Dr. Yu wanted to know if adverse childhood experiences (ACEs), such as parental harshness and neglect, mental illness, divorce, crowded housing, and poverty, might contribute to the underlying causes of racial and socioeconomic disparities in premature mortality. Using data from the National Collaborative Perinatal Project6 and the National Death Index, she indeed found that children’s race and social class linked to their number of ACEs, and a greater number of ACEs correlated with a higher incidence of premature mortality. Dr. Yu speculates that the impact of ACEs on premature mortality could be explained by lasting biological impacts, such as physiological dysregulation of stress leading to chronic illness later in life, as well as factors that undermine healthy behavioral development.

Dr. Yu was immediately followed by Dr. Ishida, who investigates the impact of ARF1 gene mutations on neurological disorders in pediatric patients. The ARF1 protein is a small GTPase that regulates retro- and anterograde sorting and helps maintain the structure of the Golgi apparatus. To understand how the ARF1 mutations observed in pediatric patients contribute to individual neurological disorders, Dr. Ishida compared the effect of these mutations with those of known constitutively active and inactive versions of the ARF1 protein. He examined a variety of key functions, including the ability to interact with binding partners and to maintain the structure of the Golgi apparatus. Dr. Ishida found that all patient derived ARF1 mutations are likely to be gain of function mutations which are constitutively active. Interestingly, the patient-derived mutation that conferred the highest amount of activity linked to lysosomal abnormalities in fibroblasts taken from that patient.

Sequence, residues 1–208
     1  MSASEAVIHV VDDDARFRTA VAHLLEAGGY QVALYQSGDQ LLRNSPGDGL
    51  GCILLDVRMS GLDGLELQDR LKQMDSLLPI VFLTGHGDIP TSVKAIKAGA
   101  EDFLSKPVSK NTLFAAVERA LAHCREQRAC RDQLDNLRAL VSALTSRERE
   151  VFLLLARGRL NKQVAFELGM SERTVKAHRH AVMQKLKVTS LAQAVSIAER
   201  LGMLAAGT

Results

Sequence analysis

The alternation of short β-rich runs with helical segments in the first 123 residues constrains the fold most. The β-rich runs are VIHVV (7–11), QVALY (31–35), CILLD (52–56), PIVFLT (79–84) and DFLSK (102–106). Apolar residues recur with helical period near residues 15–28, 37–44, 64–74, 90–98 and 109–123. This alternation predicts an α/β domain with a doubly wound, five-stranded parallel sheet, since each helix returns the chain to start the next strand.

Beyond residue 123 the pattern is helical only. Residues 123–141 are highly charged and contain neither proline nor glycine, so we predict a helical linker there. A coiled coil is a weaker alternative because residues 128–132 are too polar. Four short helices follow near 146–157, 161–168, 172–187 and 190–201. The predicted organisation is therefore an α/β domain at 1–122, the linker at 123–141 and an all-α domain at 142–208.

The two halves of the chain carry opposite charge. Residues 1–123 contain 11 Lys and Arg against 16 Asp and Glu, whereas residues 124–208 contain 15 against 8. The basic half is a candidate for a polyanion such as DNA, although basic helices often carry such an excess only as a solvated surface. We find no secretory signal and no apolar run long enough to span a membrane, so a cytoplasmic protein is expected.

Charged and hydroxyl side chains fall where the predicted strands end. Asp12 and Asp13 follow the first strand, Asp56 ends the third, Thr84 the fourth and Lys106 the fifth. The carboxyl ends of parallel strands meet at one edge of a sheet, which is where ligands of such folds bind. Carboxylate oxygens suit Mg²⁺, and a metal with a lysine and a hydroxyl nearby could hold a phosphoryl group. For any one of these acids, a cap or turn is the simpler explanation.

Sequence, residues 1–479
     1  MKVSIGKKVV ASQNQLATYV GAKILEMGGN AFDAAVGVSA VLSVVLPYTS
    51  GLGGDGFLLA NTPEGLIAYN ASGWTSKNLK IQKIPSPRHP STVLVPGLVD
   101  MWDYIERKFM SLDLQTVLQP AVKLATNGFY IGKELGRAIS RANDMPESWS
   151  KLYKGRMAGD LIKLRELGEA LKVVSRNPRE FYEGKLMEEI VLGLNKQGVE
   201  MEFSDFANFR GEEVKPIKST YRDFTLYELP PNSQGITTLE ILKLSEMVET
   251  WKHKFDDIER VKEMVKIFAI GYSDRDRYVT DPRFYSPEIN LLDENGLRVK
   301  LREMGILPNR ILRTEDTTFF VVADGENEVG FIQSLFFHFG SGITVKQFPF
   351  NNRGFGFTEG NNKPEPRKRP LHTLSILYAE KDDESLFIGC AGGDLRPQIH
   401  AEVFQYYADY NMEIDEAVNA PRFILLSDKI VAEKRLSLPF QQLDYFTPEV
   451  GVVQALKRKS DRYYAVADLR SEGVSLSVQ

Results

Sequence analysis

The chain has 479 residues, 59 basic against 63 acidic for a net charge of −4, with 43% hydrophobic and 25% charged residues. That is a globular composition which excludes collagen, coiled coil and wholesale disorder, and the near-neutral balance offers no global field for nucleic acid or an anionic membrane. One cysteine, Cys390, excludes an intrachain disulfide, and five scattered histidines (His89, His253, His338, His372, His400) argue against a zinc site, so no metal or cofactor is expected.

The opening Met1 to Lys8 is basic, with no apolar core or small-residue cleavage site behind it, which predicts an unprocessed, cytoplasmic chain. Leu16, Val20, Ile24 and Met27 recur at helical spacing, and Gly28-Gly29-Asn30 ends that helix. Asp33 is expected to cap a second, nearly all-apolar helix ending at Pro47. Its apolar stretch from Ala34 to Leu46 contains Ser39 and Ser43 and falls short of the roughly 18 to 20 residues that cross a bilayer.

Jing Yu standing in front of her research poster at a conference

Jing Yu, PhD

Morie Ishida standing outdoors in front of a waterfall

Morie Ishida, PhD

The remaining retreat presentations transition from human development and reproduction to a focus on our understanding of viral infections and disease. These presentations create a foundation for safe and effective anti-viral treatments for the broader public, linking them to the fifth and final theme of the Strategic Plan, Advancing Safe and Effective Therapeutics and Devices for Pregnant and Lactating Women, Children, and People with Disabilities.

The first of these talks was delivered by Leonid Margolis, PhD, senior investigator of the Section on Intercellular Interactions. Dr. Margolis presented his research into the underlying mechanisms of persistent immune activation, even in the absence of viral replication, within HIV-1 infected tissue. The question posed by this research is important because, even though modern antiretroviral therapies can inhibit viral replication in the human body below detectable levels, inflammation caused by persistent immune activation can lead to many adverse outcomes, such as cardiovascular disease and cancer. To understand the presence of immune activation despite the absence of viral replication, Dr. Margolis’ group systematically tested reasonable hypotheses until his group found that immune activation is supported by extracellular vesicles carrying HIV-1 molecules. Dr. Margolis believes that characterization of these extracellular vesicles may create a new target for therapy.